History has been made in Italy with the Court of Rome recognising a non-binary person’s gender identity for the first time.
The court’s historic ruling followed a hearing on the 10th of February in which a lawyer insisted that the court recognise the non-binary gender identity of an individual named Alex.
The ruling is now being seen as what the lawyer, Giovanni Guercio, describes as a “pilot case”, highlighting and paving a new way forward for the rights of non-binary Italians in the future.
Guercio says that while Italian politicians have had the chance to change existing laws in the past – (which require people in Italy to go before the court if they wish to legally change their gender and name as well as amend official identification documents), the law has never been tested for non-medical reasons.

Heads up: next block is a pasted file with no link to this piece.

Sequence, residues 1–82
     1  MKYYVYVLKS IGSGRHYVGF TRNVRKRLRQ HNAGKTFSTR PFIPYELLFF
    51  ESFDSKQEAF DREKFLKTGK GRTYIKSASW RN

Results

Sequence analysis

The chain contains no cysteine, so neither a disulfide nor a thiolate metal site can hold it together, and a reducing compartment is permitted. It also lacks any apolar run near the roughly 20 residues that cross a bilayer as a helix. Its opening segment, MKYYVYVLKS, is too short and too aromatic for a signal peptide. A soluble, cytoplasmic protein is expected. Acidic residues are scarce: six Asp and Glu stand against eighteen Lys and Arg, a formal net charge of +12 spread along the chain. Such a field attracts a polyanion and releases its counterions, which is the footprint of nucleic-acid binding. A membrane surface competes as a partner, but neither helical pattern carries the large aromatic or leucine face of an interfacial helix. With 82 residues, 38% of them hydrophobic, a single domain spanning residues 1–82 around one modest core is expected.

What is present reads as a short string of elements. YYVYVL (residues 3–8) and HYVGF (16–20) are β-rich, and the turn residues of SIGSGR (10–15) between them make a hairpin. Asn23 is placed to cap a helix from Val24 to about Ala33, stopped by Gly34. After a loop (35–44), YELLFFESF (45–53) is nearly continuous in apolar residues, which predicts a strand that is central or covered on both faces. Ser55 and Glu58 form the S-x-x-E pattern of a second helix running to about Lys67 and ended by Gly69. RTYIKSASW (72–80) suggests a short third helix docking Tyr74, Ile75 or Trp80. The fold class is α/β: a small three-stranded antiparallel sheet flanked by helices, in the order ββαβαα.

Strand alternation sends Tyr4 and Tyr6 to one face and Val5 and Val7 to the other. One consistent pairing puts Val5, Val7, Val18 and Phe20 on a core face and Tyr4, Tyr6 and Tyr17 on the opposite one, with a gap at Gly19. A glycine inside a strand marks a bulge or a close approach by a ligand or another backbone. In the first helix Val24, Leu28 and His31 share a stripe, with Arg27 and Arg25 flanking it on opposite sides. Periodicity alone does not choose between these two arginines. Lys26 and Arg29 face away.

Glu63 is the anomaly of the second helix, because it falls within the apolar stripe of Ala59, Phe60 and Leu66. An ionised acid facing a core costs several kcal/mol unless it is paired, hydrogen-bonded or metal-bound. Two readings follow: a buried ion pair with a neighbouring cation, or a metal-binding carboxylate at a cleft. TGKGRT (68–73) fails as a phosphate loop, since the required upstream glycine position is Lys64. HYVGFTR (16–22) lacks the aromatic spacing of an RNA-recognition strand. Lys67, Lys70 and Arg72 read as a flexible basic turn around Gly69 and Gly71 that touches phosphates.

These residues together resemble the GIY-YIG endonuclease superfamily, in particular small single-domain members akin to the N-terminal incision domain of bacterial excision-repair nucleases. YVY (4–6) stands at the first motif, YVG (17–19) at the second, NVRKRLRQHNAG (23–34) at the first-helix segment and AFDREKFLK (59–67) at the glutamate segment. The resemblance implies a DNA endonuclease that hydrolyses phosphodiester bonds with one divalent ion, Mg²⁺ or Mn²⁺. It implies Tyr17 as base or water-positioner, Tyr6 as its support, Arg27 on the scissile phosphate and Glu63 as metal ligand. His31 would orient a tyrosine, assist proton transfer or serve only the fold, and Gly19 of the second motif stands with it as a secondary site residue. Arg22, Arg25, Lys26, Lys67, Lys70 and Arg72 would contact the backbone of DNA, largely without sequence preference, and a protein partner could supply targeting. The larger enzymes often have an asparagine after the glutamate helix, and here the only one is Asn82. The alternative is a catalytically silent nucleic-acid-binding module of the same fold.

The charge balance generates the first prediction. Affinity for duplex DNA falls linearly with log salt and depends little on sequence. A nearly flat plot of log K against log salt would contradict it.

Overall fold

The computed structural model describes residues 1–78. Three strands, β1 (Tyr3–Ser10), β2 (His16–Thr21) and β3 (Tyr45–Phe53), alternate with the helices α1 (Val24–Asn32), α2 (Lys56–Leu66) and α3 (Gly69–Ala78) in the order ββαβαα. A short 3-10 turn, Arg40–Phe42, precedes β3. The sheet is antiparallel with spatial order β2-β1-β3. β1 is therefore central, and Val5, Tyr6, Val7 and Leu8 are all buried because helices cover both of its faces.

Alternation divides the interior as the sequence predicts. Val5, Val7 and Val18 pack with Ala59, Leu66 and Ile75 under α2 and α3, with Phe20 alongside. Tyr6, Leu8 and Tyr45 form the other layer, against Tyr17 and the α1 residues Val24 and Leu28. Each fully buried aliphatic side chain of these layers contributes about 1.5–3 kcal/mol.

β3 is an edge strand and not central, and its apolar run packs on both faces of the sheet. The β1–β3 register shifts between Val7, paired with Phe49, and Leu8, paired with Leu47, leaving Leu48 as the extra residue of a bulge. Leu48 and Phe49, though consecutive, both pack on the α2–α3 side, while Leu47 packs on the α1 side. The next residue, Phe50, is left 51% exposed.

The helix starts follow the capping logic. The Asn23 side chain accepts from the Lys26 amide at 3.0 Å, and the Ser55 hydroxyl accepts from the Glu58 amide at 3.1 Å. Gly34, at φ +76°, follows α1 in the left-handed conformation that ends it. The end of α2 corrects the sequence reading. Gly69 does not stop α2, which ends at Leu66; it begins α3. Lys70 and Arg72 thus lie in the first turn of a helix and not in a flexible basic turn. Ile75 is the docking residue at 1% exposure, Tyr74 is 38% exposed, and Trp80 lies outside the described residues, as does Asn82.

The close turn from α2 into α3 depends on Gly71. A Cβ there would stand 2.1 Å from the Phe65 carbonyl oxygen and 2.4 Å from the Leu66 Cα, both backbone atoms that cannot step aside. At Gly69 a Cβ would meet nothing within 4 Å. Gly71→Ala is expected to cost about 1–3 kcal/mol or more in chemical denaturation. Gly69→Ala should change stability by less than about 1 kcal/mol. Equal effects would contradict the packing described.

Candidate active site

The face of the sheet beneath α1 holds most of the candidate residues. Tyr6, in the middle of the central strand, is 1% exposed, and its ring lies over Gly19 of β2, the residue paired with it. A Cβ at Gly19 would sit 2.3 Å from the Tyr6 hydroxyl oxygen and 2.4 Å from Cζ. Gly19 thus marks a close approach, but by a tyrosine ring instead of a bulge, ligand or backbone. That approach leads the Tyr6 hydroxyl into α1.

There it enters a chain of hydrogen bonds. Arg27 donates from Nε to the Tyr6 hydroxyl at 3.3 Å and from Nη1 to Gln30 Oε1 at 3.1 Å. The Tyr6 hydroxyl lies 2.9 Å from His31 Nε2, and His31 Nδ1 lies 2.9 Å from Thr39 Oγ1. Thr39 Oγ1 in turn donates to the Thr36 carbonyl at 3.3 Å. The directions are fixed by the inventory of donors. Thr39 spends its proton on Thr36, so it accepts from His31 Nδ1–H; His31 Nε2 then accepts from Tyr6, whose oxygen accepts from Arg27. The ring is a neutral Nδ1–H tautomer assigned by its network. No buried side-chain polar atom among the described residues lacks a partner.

According to Stonewall, under Law 164/1982, individuals must undergo a two-step process that requires judicial authorisation to legally change their gender and name on the registry office and undergo gender-affirming surgery when “necessary.”
Guercio now hopes that Law 164/1982 is amended to better serve and include a wide range of gender identities.
“The precedent created has the purpose of putting on the foot to keep the door open for future sentences, but Law 164 is stopped at a hallucinating binary! These are the points that must be scratched,” Guercio added.